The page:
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The Waynesville mountaineer. (Waynesville, Haywood Co., N.C.) 1925-1972, November 09, 1944, Image 1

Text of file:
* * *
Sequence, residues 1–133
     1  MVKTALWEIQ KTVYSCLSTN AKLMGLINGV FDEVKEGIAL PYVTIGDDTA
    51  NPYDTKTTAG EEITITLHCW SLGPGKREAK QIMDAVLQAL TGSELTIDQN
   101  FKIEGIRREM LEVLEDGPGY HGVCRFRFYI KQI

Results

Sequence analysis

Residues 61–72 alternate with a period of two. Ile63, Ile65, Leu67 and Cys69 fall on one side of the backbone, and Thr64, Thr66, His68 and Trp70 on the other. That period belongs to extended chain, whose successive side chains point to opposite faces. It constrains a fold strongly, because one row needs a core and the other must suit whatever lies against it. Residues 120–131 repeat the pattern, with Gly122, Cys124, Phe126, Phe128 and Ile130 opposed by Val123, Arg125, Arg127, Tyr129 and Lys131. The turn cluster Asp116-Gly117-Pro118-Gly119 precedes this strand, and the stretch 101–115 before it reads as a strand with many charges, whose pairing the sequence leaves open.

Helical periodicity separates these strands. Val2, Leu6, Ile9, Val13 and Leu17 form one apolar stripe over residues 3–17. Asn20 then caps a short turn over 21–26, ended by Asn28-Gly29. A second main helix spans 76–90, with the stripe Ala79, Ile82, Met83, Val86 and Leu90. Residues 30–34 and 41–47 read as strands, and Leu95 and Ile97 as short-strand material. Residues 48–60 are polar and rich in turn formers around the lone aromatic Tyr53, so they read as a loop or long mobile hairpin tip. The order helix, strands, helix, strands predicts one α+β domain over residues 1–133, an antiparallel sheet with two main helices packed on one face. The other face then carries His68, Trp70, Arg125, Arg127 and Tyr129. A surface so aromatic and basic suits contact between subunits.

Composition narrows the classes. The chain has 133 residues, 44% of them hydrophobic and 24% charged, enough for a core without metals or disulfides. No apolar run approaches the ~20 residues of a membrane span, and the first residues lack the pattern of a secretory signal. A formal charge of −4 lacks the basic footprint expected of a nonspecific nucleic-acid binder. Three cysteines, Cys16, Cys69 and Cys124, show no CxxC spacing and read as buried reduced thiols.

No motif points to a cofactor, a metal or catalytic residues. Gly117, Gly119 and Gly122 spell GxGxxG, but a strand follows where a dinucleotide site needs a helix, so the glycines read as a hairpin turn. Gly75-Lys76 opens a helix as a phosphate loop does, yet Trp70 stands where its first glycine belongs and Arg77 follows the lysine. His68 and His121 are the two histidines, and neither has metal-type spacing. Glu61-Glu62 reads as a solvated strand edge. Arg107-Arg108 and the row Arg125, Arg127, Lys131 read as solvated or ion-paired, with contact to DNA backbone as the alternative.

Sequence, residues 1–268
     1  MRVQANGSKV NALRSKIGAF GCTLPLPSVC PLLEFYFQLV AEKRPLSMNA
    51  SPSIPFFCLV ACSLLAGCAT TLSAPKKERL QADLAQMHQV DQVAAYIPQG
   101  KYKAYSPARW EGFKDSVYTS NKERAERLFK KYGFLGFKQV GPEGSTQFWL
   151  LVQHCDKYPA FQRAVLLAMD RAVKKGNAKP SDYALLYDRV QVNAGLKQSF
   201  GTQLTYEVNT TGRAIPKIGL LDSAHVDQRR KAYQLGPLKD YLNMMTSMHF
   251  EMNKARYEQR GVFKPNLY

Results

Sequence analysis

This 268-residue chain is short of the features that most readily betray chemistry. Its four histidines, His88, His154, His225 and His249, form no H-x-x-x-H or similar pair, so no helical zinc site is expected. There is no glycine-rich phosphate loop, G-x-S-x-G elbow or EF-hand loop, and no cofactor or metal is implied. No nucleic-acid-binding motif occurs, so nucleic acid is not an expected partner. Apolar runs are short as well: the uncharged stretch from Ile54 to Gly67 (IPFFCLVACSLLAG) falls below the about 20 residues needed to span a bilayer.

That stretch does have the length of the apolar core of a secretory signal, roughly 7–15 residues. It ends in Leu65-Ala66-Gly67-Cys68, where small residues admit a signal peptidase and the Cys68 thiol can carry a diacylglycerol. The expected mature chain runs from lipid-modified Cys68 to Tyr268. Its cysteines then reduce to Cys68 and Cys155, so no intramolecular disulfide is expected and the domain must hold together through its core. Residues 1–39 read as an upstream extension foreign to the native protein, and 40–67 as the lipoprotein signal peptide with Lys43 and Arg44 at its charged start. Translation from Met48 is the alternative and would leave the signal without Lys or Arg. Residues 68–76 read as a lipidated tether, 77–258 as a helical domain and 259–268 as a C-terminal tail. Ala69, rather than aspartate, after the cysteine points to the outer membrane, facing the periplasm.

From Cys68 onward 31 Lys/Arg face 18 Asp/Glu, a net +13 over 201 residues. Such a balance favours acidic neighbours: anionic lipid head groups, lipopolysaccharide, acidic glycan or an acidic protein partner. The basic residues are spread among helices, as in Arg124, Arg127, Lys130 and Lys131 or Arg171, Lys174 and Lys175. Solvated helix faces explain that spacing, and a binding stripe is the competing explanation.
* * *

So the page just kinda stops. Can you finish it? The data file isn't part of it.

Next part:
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FHE WAYNESVILLE MOUNTAINEER W Af 'LACE 7 TO LIVI SSJ Published In The County Seat Of Haywood County At The Eastern Entrance Of The Great Smoky Mountains National Park BetTyear NO. 44 12 Pages WAYNESVILLE, N. C, THURSDAY, NOVEMBER 9, 1944 (One Day Nearer Victory) $1.75 In Advance In Haywood and Jackson Coontk ajfWJMMD BDsonniiDciraift Pfe (Up 4,8 ivic Leaders To Discuss Post War Plans Ci r. V eting Tonight Hazelwood To y f oiliiuauun Erie Clubs, and Chamber Commerce Directors Wsors of Meeting. 2oo civic ana" business Lr will "11 ' I lUIllgllli in Hie ,;ffoo( school dining room lor jjrt community-wide public ssior, of post war planning for section. b supper meeting will begin at ' . i i ---l nr El OCIH'K, wiin vvUicinau y. rts, of Charlotte, recognized authority on post war plan ar th main speaker of the sir- n; sponsors of the meeting he Rotary, Lions and Boosters an, I t'ne ilirectors of the Irber of Commerce. R". Killian, president of the Club, will be master of cere s. Rev. J. Clay Madison will the invocation, and Rev. M. iliamson will lead the singing. speaker will be presented by ;es E. Ray, Jr., president of Rotary Club, and a director of arolina Motor Club, of which Rolier:? is president. Prcvost, representing the ers Club, will announce ten- post war plans for this corn s' to adopt as a goal. feature of the meeting will be by tnt high school orchestra ly Charles Isley, and several tions by the Lions quartette. meeting will be confined to membership of the sponsoring tattations, together with a few led piests. The P.T.A. of the will serve the meal. Tonight's Speaker iff ' f x vr '""HE? - County Given Quota Of $714,000 For 6th War Loan Campaign IV,. Tenney Will end State Recreation nmittee Meeting W. Tenney, director of rec ti of the Community Coun ts to attend thr fall meeting i;. North Carolina Recreational puttee, which is scheduled to d m Charlotte on Mondav and y of next week. fe program will be devoted to atinnal proMems. Among the kf? at the two-dav meetinc Govi nun- Broughton, Dr. ! Erwn;, superintendent of ft instruciion; Dr. Ellen Wins- nea f the state welfare de- PiMt; and Bruce Rt.horM era nr (safety Commission, "les Briirhill. nf fl,c D, Division of the Federal Se- p Agency, is also to speak to I'uup. COLEMAN W. ROBERTS, of Charlotte, will address civic and business leaders at a supper meet ing tonight on important post war plans for this community. t-nded State Public h Meet In Raleigh Uary Michal, assistant heal pW of the District Henlrfc rrn. P-ent of which Haywood coun- Mrs. J. Rufus McCrack- apervisor of nurses in the dis- "fs. Johnnv Pliddphnclr IdW V technician, and Mrs. How- ffyson, Havwnnri Dnnnfn m,R altn nurse. sn lo , i. : , - -f-v-., mob ween III CT, Whero iq i j- , ii.. f wrolma Puhlin n.olti, a vuiwi BJ Housewives Use 226,697 Pounds Of Extra Sugar The local rationing office has just finished a "sweet job" in that the issuance of special canning sugar certificates has been completed. The special certificates ex pired October 31st, and during the time the order was in ef fect, 7,910 applications were granted for a total of 226,697 pounds of sugar. Haywood housewives signed statements asking for the near ly quarter million pounds of extra canning sugar to supple ment the sugar coupons in the rationing books. Taylor F. Sutton Reported Seriously Wounded On Oct. 21 Taylor F. Sutton, technician fifth grade, son of Mr. and Mrs. Jake Sutton of Waynesville, was ser iously wounded in Germany on Oc tober 21, according to information received from the War Department by his parents this week. Young Sutton entered the service in May, 1942 and was inducted at Camp Croft. From Croft he was sent to Fort Knox, Ky., and from there to Indian Town Gap, Pa. Later he was sent to California where he trained on desert maneu vers, and from there to Camp Pick ens, Va., and overseas. He has been out of the States since September, 1943 and was sta tioned first in England. He was with the invasion forces in France and was latei in Germany. To Sell Bakery t i h. Atkins Gives ome To Junaluskal R. B. PEARCE announced yes terday that he had formed a part nership and purchased the Quality Bakery in Ashoville. He will sell his bakery here, and take charge of the Asheville firm on January 2nd. Pearce Purchases Quality Bakery In Asheville R. B. Pearce, owner of Pearce's Bakery here, yesterday formed a partnership with K. G. Patterson of Asheville, and purchased the Quality Bakery in Asheville. The new owners will take charge Janu ary 2nd. Mr. Pearce said he will sell the bakery here, as well as his home, since he will devote his entire at tention to the Asheville business. He and Mrs. Pearce recently bought a home in Asheville. The Quality Bakery is the lar gest retail bakery in the south, occupying four floors. The business was purchased from P. K. Wilde, who has owned and operated the business for 22 years. Thirty people are employed by the firm. Mr. Pearce will have as his asso ciate, K. G. Patterson of Asheville, until recently southeastern techni cal research man in the bakery division for Swift and Company. Mr. and Mrs. Pearce came here from Canton in June, 1942 and opened their bakery. The firm has moved into larger quarters on two occasions and is considered as one of the most modern in the state. The bakery has maintained a 100 per cent sanitary rating since it opened. Mr. Pearce has been an active Lion, and both he and Mrs. Pearce are members of the First Baptist Church. VV. Roy Francis Named County Chairman To Di rect Drive Starling On November 20th, The Haywood War Finance Com mittee named W. Roy Francis as county chairman for the sixth war loan drive and C. N. Alien of Haz elwood, and Morris Brooks of Can ton, as co-chairmen, as initial plans were completed for selling $714,000 in war bonds in the coun ty between November 20th and De cember 16th. As has been the custom in the five previous drives, the Canton area assumed half the county quota and this end of the county the other half. J. E. Massie, permenanl chair man, announced at the meeting here Monday night that $401,000 of the quota was to be in E bonds. All bonds purchased during No vember and December count on the county quota, it was pointed out. "Haywood has never failed to make a war loan quota, and we must maintain our perfect record during the sixth," Mr. Massie told the committee. General plans were discussed for currying jiu. campaign into tha rural areas, since the industrial plants are on the 10 per cent pay roll deduction plan already. Workers will be set up in every district of the county and each township will be given a quota to raise this time. The records will be kipt and published as to the standing of each township. Those attending the meeting Monday niirht and working out de tails included from this end of the county, Mr. Massie, Mr. Francis, Mr. Allen, Mrs. Bonner Ray, Miss Mary Margaret Smith, R. L. Pre vost, Ralph Prevost, J. H. Woody, Heinz Rollman, Charlie Ray, How- aid Clapp and W. Curtis Russ. Also W. P. Whitcsides of Bethel. Those from the Canton area were: Norman Freel, Wade Hill, Sam Robinson, I. H. Powell, Mor ris Brooks, A. B. Robinson, Harley E. Wright, Fred Campbell and Mrs. Tom Reeves. Again, The Nation's Choice V VV VVVV V V v V v V .vf v s 1 v; x - vV yV''' v v V- V:v fat?: V1 ? x Sk nil :V ?s vVv H VVo irj, r vvt''"f- v--".v f j ! -- - 'llflllM falMllltVlllMf li If ill il III liMM r I PRESIDENT FRANKLIN DELANO ROOSEVELT was re-elects by a huge majority Tuesday when more than fifty million voters Mr. Roosevelt has well over 400 still filtering in from all over the Radio Shop Opens Over Park Theatre Announcement is being made this week of the opening of the Lindsay Radio Service over the Park Theatre. The firm will be operated by Hugh W. Lindsay and Howard T. Jones, both ex perienced radio men. The firm also has a place in Canton. last theii ballot in the election, electoral votes, with lute returns nation. Local Citizens Will Stay On Job On Armistice Day Saturday, Armistice Day, 1944. in this community promises to be a quiet uneventful day. The oc casion will not bo observed as a holiday, but business is scheduled to "carry on as usual." In keeping with the fighting front where there will be no let up the civilian world here will stay in the job, it was learned from a survey of the business firms and offices of the court house made yesterday. Mrs. Andy Wyatt is spending several days in Wilmington with her husband, who holds a position there. Mr. and Mrs. Harry Rotha ar rived during the first of the week for a visit here with Mrs. John N. Shoolbred. New A-13 Gas Coupons Good For 4 Gallons Each The new A-13 gasoline coupons are valid this morning for four gallons each, the rationing board announced yesterday. The coupons are good until December 21st. All A coupons have been good for three gallons each until today The board pointed out however, that motorists were not getting more gasoline on their total A cou pons, but just fewer coupons. . Through yesterday 980 new A books had been issued by the local rationing office. Application can be made by mail or in person to the office, and coupons will be mailed. Total Vote More Than 10,600 Here In Haywood County All Five Ammendments Pass In State; Election Here Was Unusually Quiet Haywood county voters gave President Roosevelt a total of 7, 776 votes against 2,917 cast for Mr. Dewey in the election on Tuesday, making a vote of two and one half to one and a majority of 4,859 in favor of the winning candidate, according to an unofficial canvass made by The Mountaineer of the vote from each of the 22 precincts in the county. The vote was one of the largest ever polled in the county and was around 4,000 more than the ma jority of the political leaders of the county had predicted. The most optimistic had stated that a 10,000 vote would be possible, but none prophesied over that figure, Haywood's record breaking vote is in keeping with the national 50 million vote that gave President Roosevelt more than 400 electoral votes with returns incomplete. Haywood kept pace with the state majority, with all state Demo cratic candidates leading with big majorities over their Republican opponents. An analysis of the votes cast in Haywood county would indicate that there were more Republicans who voted r President Roosevelt for a f out . term than for Mr. Dewey fot a first term, despite numerous predictions to the- con trary. The vote in the state also reflected the trend in the national poll, with the President's over whelming majority. All five constitutional amend ments were given a large vote, going over with a big majority, t'rtkjcie Interest In the outcJ than Had been anticipated by -leaders prior to the election. Mis. H. C. Ferguson left Tues day for Washington, D. C, where ihe will visit her daughter, Miss Blanche Ferguson, and her grand daughter, Miss Doris Grahl. Unofficial Returns For Haywood County f Jop James Atkins, One founders of Junaluska fmbIy and Outstanding ooat Minister, Hon. By Gift. LfVa,RhodM Atkins, widow James Atkins, of the J. rurch ha donated to CmS8ka Assembly, snm !mb ly of the Methodigt iunarkeaand furai8h5n F.,.W?Tceme,lt of the gift is r t 1, executive Cal rthe .Sonthetern Jur Ca rci1 and 8ret7 of tee, Assemly' board of resiHo... Fi), ' a 8Paons colon- " B0Ie OVerlnnH. V 1-1.. k,wby. Bishop ;tftT. iore ia death- recent meeting and plans were made for the transfer of the prop erty to the assembly. "More than any other one man," said Dr. Quillian in announcing the donation, "Bishop Atkins had the vision for the assembly, and he largely selected the location. It is fitting that his home overlooking the lake, should now be set apart not only as a memorial but as a place of service to the assembly. Friends of Junaluska everywhere will join in expressing thanks and appreciation to Mrs. Atkins for this beautiful home." The late Bishop Atkins died in 1923 while presiding over a ses sion of the Little Rock Conference. He is buried in Greenhill here. He was an outstanding preacher in the Southsrn Methodist Episcopal Church for over a half century. He served for a number of years in the foreign field, having been sta tioned in China at one- time. Sixteen Boys Become Eighteen During October Sixteen boys became eighteen years of age during the month of October in the Waynesville area of the county and are now subject to call under the selective service system. In the group were. Jam s Robert Hamilton, Lake Junaluska; Wayne Jesse Moore, Clyde, R.F.D. No. 1; Charles Burr Way, Waynesville; Joseph Charles Cunningham, Way nesville. R.F.D. No. 1; Theodore Vance Davis, Hazelwood; William Lee Howell, Waynesville, R.F.D, No. 2; Noah Putnam, Waynesville, R.F.D. No. 1. Norman Ben Price, Clyde, R.F.D. No. 1; William Patton Burgin, Waynesville, R.F.D. No. 2; Russell Spaldon Underwood, Waynesville; Lynuel Robert Phillips, Haislwood; William Troy Smith, Waynesville, R F.D. No. 1 ; Burnette Green, Clyde, R.F.D. No. 1; Clyde Thomas Roberts, Waynesville. R.F.D. No. 2; Thomas Eugene Moody, Hazelwood; Ernest Paul Warren, Waynesville. I'reiiml IE Si , ,1 &! W I U V I U CO ' V be c ; 2 Beaverdam No. 1 395 3eaverdam No. 2 345 Beaverdam No. 3 385 Beaverdam No. 4 379 Beaverdam No. 5 279 Beaverdam No. 6 491 Clyde 522 Crabtree 281 Cecil 46 Big Creek 19 Cataloochee 8 East Fork 142 Fines Creek 312 Hazelwood 351 Iron Duff 175 Ivy Hill , 312 Jonathan Creek 215 Lake Junaluska 206 Pigeon 415 N. Waynesville 1208 S. Waynesville 1237 White Oak 48 TOTALS 7776 a. ft: 242 144 175 218 213 210 270 44 96 32 2 160 44 65 4 123 '166 65 316 164 147 17 v C 348 343 383 309 320 504 521 288 46 23 6 128 301 351 175 329 207 233 414 1205 1208 43 240 135 153 195 199 180 264 36 95 24 2 152 42 51 4 112 156 41 311 132 132 16 O v ! "C 346 337 375 373 294 489 520 284 44 21 6 132 313 346 175 329 207 239 411 1205 1207 43 242 143 159 202 204 187 267 39 96 30 2 126 43 54 4 112 156 41 311 132 132 16 U E at c J IS e 2 N v C CO bo 0 & be c c c X Q 8 a V (V I! OS " 8- c ft! c . 3 g Is 3 Director Tenney Lists Schedule For This Week The following program has been announced for the coming week by h. W. Tenney, recreational director, with all events taking place at the Waynesville Armory: The Wellco Shoe employes both men and women will practice bas kitball each day from 12 to 12:80. On Monday and Wednesday even ing, the Dayton men will practice basketball. On Tuesday and Thurs day evenings the Dayton Girls practice basketball at 7 o'clock. The students from St. John's will practice basketball as follows: the boys on Monday, Wednesday and Friday morning at 11:15 and on Monday and Friday at 2:45; Tuesday and Thursday at 11:16. The girls will practice on Tuesday and Thursday at 2:45 and on Sat urday morning at 10:00 o'clock. The Girl Scouts will meet at 4 o'clock Tuesday afternoon. The Senior Scouts will meet at 7 o'clock on Wednesday evening for their meeting and games. Thursday evening at 7 o'clock the Dayton Rubber Girls Club will meet for basketball practice. On Friday night the Teen-Age group will meet for dancing and games at 8 o'clock. On Thursday evening the Cut Sole Department dance team of the A. C. Lawrence Leather Company will meet for practice. , 346 338 369 375 289 484 517 285 42 24 8 127 301 349 175 329 207 232 408 1204 1207 43 247 139 153 205 197 192 268 39 99 28 2 152 45 51 4 112 156 43 313 133 138 16 314 327 368 449 233 461 499 287 44 22 6 121 295 339 241 136 163 209 189 188 266 35 95 26 2 160 46 51 4 189 225 411 1172 1219 41 148 41 309 136 129 17 309 321 359 442 239 456 487 278 43 23 10 121 304 340 170 316 189 228 415 1177 1223 41 273 153 178 218 186 206 287 38 96 28 0 160 44 52 4 112 148 46 311 158 135 17 2917 7685 2676 7696 2901 6452 2075 7186 2591 7487 2846 Pvt. Robert Rogers Reported Slightly Wounded In France Private Robert D. Rogers has been slightly wounded in action in France on October 23, according to a message received from the War Department by his wife, Mrs. Roxie M. Rogers, of Lake Junaluska. The telegram sent to Mrs. Rog ers read as follows: "Regret to in form you your husband, Pvt. Rob ert D. Rogers, was slightly wound ed in action 23, October, in France. You will be aavised as reports of condition are reported." Pvt. Rogers entered the service on January 18, 1944, and was in ducted at Camp Croft. From Croft he was sent to Camp Wheel er, and then to Fort George Meade, Md., and later to an embarkation port and overseas. At the time he entered the ser vice he was employed at the New port News Shipbuilding and Pry Dock Company. "v'-C If ' 1 . 'A W 5-S ' I 4 , ! i